Well-travelled cinematographer PJ Reece (not P.J. Reece) has also spent time in East Africa as a hydrometeorologist. He has set his realistic novel for mature teens, Roxy (Tradewind $12.95) in Greece. It's the story of a secretly pregnant teenager who visits the deathbed of a grandfather she's never met and uncovers family secrets and complications--while also falling in love with handsome Georgio "...every kiss and touch arose from nowhere. Everything was unfolding perfectly for us shipwrecked lovers, two accidental secret keepers floating away in each other's arms." Roxy's grandmother died in childbirth when she was the same age. This is sophisticated fiction, equally suitable for adults.

Reece's first book for teens was Smoke That Thunders (Thistledown 1999).

From a promotional website: "Raised and schooled on Canada's northern prairie, Reece graduated from the University of Alberta in 1967 with a Geography degree, then signed on with CUSO (Canadian University Service Overseas) to conduct a hydrological survey of the rivers in Central Africa. For 15 years, Reece worked as a cameraman/director pioneering the film industry in Alberta. Known as a cameraman who could travel, Reece's overseas shooting climaxed with four years documenting the Aga Khan's development projects in Asia and Africa. After trading camera for keyboard, Reece studied dramatic writing but emerged once again into the documentary field where he has written, story edited, and directed scores of episodes for American and Canadian network series. Reece is a contributing writer to The Vancouver Courier and teaches writing at Langara Community College. His second novel, Isthmus, was published in 2006."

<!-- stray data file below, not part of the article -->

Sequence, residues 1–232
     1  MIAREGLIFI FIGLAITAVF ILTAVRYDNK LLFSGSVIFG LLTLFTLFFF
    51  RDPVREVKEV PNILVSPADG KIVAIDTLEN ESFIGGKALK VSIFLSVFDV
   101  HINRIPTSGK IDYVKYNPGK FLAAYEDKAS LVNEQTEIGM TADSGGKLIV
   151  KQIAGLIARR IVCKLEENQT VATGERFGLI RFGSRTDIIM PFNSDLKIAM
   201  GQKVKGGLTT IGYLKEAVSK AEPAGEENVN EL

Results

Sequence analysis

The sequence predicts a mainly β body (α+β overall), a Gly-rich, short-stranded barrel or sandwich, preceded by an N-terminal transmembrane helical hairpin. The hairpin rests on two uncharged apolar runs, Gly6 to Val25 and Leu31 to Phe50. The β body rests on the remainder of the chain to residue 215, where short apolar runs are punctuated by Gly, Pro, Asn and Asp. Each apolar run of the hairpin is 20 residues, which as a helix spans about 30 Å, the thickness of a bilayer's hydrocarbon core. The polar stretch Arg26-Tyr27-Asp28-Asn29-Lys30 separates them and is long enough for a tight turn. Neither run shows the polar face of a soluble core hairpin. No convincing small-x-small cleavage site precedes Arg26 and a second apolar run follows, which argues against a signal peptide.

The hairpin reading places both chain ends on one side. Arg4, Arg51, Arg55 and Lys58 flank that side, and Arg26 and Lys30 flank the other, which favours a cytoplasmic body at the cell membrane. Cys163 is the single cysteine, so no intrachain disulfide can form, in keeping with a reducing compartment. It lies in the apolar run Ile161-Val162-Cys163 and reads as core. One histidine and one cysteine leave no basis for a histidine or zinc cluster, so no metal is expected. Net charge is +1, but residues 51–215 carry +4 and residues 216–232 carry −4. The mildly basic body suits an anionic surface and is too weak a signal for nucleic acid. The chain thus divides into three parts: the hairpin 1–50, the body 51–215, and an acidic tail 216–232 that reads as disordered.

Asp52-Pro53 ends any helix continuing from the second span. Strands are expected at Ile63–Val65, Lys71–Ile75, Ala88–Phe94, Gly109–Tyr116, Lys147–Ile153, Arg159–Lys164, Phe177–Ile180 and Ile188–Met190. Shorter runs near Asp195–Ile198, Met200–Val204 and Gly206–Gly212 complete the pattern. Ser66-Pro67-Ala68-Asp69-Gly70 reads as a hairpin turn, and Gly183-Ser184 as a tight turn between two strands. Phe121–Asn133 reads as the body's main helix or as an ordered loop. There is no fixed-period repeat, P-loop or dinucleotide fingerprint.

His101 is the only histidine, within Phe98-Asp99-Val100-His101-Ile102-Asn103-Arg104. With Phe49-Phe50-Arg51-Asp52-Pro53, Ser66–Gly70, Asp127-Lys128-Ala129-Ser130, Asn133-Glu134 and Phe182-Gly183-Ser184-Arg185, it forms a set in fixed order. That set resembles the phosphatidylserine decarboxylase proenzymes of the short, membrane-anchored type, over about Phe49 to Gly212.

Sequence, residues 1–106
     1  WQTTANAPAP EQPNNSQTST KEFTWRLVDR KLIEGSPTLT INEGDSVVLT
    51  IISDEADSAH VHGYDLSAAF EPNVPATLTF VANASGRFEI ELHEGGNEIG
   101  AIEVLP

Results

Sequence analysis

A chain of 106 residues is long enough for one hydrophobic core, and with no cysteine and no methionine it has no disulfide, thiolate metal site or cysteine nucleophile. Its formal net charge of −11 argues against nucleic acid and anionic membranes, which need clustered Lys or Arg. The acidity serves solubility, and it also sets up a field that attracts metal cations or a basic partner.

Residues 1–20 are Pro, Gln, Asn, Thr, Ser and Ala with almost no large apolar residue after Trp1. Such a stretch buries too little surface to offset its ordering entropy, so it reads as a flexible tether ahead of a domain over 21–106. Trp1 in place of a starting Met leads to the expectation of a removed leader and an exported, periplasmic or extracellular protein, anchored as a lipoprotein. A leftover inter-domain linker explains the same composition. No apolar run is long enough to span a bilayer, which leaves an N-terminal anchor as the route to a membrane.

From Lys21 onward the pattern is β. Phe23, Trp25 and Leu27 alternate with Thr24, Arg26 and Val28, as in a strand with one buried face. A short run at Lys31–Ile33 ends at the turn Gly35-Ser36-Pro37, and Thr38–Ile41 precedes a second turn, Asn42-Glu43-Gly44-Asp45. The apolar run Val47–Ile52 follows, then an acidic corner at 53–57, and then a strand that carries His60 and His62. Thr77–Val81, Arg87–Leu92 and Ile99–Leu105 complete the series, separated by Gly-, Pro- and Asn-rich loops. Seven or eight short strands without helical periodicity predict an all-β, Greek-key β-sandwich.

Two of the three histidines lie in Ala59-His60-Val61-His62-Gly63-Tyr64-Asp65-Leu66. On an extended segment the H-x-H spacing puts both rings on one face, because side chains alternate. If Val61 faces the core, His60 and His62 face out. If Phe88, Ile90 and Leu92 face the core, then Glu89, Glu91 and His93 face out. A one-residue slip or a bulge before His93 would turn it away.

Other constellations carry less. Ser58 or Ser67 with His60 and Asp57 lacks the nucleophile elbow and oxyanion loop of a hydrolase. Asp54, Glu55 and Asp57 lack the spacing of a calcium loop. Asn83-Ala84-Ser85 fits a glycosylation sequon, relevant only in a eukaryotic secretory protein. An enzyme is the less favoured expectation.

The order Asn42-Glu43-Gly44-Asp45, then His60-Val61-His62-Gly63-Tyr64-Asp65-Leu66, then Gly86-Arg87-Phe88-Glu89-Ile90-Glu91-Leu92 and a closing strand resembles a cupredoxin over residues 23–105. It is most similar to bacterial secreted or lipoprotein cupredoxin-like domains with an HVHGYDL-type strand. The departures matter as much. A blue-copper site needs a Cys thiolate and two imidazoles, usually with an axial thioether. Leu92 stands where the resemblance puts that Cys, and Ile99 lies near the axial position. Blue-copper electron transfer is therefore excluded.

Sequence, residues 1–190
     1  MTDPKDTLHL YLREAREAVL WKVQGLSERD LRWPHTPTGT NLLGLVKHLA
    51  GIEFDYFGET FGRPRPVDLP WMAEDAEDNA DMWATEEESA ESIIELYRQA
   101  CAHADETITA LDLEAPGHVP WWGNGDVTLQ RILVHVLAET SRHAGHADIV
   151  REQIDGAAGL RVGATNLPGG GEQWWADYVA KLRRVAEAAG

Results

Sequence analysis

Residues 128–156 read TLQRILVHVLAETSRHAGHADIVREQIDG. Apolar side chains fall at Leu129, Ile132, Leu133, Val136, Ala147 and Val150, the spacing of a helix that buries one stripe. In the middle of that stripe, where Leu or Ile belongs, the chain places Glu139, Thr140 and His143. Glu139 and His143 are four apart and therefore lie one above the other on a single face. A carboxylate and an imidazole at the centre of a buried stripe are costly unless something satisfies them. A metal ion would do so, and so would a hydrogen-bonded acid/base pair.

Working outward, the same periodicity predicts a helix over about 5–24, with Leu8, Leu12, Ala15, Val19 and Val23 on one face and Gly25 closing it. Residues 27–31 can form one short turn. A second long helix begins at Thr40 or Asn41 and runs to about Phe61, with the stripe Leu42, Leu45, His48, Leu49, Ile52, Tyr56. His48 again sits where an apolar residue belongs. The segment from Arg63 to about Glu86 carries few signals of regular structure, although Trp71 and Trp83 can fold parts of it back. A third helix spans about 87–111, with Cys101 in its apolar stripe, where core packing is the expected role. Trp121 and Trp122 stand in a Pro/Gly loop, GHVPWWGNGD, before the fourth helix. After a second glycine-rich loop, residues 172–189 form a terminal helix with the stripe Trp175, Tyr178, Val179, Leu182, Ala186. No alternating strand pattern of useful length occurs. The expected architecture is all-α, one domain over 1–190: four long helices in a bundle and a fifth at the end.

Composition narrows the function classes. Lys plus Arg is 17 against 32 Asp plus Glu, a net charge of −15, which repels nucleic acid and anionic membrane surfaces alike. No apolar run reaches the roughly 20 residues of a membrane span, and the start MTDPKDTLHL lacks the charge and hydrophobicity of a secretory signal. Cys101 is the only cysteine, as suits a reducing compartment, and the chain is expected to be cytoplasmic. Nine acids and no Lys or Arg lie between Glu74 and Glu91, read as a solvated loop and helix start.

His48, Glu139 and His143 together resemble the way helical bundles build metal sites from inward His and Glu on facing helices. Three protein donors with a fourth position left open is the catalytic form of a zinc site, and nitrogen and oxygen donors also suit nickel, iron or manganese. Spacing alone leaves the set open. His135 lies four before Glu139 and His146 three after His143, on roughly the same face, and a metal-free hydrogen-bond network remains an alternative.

Reece told the TRT Book Club in February of 2010: "I think writers have an obligation to speak the truth, don't you? Trust me, it's what makes writing so frighteningly exciting. You start hammering on the keyboard and all these buried feelings and taboo subjects start coming up. It would appear that the deeper they're buried, the more they want to spew themselves across your blank page. Teenage pregnancy would seem to be one of these topics-or so I'm discovering from some early reviews of my new novel, ROXY (Tradewind Books, 2009). If only someone had told me that teens weren't supposed to be depicted as sexual beings!

"Another theme that's infected my recent protagonists lately is, 'in the opposite of our principles lies the truth.' I'm not even sure it's true. But my fictional heroes are suffering greatly to prove that it's so. If they are to be believed, we develop principles early in life to avoid 'inconvenient truths'. Roxy (she's the pregnant one-shshshsh!), finds her old belief systems turned upside down. Her most precious symbol becomes a point of shame. And the one person in the world she thought she hated turns out to be her salvation. Hmmm. Maybe life is like that. Of course it is. All upside down. At least, it is for those who risk going into it deeply.

"Okay, here's my point - we're so delightfully addicted to books and movies because the struggles of the hero point the way to the truth. A good story - whether it means to or not - shows us that the human journey is all about becoming wiser. Even in small ways. And in this crazy world, we need all the assurance we can get."

The late humorist and CBC Radio personality Arthur Black praised PJ Reece's collection of short stories, Throw Mama from the Boat: And Other Ferry Tales (Rolling West 2018) for being funny and weird. Others simply describe the stories as whimsical. The author himself says his initial aim was to run with the absurd, and that by staying on this track “soon it develops its own reality.”


Smoke That Thunders (Thistledown 1999).
Roxy (Tradewind 2009) $12.95 978-1-896580-01-2
Story Structure Expedition: Journey to the Heart of a Story (Rolling West 2016) $9.95 978-0-9953235-0-6
Throw Mama From the Boat: And Other Ferry Tales (Rolling West 2018) 978-0-9953235-3-7

[BCBW 2019]